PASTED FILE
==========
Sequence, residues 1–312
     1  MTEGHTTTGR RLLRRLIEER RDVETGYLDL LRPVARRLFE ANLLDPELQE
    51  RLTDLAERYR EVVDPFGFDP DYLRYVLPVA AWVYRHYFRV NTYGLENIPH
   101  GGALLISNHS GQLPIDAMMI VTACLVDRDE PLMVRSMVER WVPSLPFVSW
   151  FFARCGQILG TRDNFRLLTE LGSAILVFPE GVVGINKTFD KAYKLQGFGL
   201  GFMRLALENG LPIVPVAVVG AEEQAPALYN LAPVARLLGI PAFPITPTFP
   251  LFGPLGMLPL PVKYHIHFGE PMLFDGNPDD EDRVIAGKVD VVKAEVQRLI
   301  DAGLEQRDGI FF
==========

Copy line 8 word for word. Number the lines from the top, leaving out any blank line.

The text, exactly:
   301  DAGLEQRDGI FF